The small town of Middlefield has been a story unnoticed recently as local politics, conflicting personalities, and poor decisions caused a muddled ending to their municipal election.
It started on Election Night, Nov. 6, 2007, when Republican incumbent Jon Brayshaw defeated Democrat Mary Beth Johnson by 14 votes after a hard fought campaign. The recanvass of the ballots was triggerd by state law.
On Monday, November 12, the interested parties assembled to recanvass the votes. The moderator, registrars, and observers agreed that the count had been righteous and fair - and at the end Mr. Brayshaw's margin narrowed by just two votes, from 14 to 12. This is when things got fun.
It came to pass that when Democrats added up the tallied number of votes for Brayshaw, Johnson, and blank ballots, the number fell nine short of the total number of names checked off as having voted. This struck some Democrats as odd, and there were inquiries made as to the nature of these 'missing ballots', to which no one could provide a good answer.
With this in mind, the Democrats called for a second recanvass of the ballots in hopes of 'finding the missing ballots'. A lengthy discussion ensued, at the end of which a call to the Secretary of the State's office led the moderator to schedule Recanvass Part 2 on Saturday, Nov. 17. Notices went out and plans were made to have a second recanvass.
We at the Connecticut Republican Party had been aware of the situation since Election Night, and watched with pleasure as the recanvass validated the results. We were chagrined to learn of the proposed 'second recanvass' as there was no basis in law for the recanvass, just the Democrat desire to have another one.
This issue of check off list numbers not matching up with ballots is nothing new in any town, as there are a variety of factors at play. Sometimes people enter the polling place, check in, and then don't vote as a political statement. Sometimes people come to vote and decide not to for some reason - a relative calls to tell about the just-born grandson, an official checker accidentally checks off a name that has not voted, or noticing that there is thick smoke rising from a house across the street - lots of different things things happen to people, and sometimes it happens while they are trying to vote.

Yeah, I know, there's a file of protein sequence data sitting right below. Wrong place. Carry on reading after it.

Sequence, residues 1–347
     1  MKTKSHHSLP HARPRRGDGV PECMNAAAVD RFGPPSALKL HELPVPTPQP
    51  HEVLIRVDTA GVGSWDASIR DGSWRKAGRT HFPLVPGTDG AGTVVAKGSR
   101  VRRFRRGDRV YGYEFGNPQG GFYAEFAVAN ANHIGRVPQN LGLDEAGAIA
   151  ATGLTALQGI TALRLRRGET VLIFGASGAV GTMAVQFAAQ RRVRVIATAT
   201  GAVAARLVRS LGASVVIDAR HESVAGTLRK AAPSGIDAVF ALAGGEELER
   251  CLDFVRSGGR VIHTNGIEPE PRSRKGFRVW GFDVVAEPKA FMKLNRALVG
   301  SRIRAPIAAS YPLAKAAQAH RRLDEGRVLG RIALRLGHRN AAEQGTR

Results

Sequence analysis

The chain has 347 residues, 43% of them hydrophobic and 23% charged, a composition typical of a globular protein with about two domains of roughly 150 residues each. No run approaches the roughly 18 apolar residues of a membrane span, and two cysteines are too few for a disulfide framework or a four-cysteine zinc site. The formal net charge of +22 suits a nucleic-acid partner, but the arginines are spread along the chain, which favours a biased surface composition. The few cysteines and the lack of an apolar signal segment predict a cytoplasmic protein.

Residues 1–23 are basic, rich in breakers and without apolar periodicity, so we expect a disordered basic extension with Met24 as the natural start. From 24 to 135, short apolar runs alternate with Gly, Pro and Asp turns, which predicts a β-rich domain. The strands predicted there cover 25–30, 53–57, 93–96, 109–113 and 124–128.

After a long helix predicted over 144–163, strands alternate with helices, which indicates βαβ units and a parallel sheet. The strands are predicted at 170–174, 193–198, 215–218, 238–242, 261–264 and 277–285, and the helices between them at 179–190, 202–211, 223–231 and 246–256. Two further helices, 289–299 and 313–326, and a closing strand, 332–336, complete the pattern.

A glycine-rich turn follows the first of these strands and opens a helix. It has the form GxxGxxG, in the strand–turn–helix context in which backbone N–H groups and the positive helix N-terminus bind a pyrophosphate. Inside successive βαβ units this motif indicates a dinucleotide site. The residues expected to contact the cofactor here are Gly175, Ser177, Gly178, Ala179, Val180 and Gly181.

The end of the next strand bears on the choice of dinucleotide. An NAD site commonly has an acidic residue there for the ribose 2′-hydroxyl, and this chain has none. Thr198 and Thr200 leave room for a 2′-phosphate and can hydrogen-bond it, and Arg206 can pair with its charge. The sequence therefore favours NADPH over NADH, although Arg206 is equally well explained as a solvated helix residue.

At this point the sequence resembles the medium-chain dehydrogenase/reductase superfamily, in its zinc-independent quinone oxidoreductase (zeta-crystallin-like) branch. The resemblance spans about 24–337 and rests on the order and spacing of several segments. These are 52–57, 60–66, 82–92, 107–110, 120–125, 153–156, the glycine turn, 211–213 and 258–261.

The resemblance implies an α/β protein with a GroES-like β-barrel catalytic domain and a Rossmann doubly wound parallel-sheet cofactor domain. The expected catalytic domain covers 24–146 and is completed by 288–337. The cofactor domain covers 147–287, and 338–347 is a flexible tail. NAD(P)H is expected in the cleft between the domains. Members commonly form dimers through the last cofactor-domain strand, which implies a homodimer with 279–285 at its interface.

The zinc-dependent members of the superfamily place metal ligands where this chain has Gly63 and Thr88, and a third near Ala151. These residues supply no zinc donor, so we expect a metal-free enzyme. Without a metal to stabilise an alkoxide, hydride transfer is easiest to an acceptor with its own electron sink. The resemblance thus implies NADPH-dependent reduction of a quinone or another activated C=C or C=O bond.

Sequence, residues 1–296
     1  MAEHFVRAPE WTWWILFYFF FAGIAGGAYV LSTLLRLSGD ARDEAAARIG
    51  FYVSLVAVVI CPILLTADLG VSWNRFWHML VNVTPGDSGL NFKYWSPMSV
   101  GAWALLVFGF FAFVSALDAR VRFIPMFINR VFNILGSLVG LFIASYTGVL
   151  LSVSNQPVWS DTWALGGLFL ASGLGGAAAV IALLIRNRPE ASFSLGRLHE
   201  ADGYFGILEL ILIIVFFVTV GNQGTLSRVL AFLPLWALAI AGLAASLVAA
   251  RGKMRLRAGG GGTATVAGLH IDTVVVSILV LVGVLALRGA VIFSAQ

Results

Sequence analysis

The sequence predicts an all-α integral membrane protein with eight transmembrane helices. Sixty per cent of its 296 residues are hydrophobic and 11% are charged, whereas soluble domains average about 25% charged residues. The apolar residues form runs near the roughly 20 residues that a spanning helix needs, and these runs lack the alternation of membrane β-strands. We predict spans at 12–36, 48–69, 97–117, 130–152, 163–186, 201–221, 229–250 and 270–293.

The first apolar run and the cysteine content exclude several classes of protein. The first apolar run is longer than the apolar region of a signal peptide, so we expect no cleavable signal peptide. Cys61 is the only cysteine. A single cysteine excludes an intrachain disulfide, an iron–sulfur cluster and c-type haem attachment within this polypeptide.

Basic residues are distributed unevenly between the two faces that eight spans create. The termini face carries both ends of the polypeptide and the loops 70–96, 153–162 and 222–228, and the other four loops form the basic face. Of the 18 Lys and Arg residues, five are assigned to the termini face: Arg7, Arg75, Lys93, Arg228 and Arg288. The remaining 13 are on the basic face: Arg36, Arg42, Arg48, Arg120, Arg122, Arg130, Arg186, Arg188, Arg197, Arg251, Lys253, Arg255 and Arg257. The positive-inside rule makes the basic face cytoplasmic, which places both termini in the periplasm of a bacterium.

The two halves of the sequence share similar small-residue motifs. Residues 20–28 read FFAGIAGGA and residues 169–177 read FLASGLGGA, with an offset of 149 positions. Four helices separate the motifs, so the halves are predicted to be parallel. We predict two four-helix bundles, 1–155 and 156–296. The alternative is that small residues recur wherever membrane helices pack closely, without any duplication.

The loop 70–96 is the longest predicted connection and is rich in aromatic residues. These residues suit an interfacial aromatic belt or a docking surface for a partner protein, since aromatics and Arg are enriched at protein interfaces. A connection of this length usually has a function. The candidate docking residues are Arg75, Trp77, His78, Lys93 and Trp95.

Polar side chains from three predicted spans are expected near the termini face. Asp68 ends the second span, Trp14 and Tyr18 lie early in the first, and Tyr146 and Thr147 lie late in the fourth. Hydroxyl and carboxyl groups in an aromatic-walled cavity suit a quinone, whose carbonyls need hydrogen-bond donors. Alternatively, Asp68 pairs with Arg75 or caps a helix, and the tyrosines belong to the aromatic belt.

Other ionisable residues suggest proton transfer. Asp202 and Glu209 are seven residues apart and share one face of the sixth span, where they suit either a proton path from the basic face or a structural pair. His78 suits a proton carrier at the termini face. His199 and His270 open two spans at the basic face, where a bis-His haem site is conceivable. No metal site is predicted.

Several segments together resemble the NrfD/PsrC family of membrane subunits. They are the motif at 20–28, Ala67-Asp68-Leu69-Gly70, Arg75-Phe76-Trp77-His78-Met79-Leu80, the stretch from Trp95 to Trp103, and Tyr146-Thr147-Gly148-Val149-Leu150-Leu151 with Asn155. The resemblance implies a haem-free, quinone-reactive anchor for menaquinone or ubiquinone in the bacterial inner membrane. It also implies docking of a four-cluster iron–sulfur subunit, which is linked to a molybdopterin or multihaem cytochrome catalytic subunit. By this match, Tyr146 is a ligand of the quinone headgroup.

The Secretary of the State's office is a busy one, no doubt, but their actions in this case left many exasperated. Different officials gave differing opinions on what was permissible and what was not, but none were willing to make a decision and say with authority what process should be followed. They communicated via telephone exclusively, leaving documentation, paper trails, and precedent murky at best, unrecognizable at worst. Having a government office appear so difficult to navigate re-affirms a sometimes preconceived Republican notion that government is full of hapless bureaucrats who hope only for the phone to stop ringing. And yet, we always hope to be pleasantly surprised - usually to our detriment.
On Saturday, Middlefield Republican officials arrived at the recanvass with several questions that had not been previously answered, like under what authority was the second recanvass allowed? Who approved the second recanvass? Were the results of the Monday recanvass certified? All these were asked, and none were answered. With that, the Republican officials departed the room until the Secretary of the State's office could be contacted for further guidance.
In lieu of this advice, the Republican First Selectman was administered the oath of office on Sunday. The next day, the Secretary of the State's office expressed appreciation to the Middlefield Republican officials for not participating in the 'recanvass' and told them that it would have been a bad idea.
So this was the Middlefield experience this year as the new machines, new recanvass procedures, and antiquated laws came together to produce a convoluted process for electing one local official. God save the Secretary of our State and the other responsible officials who made it possible.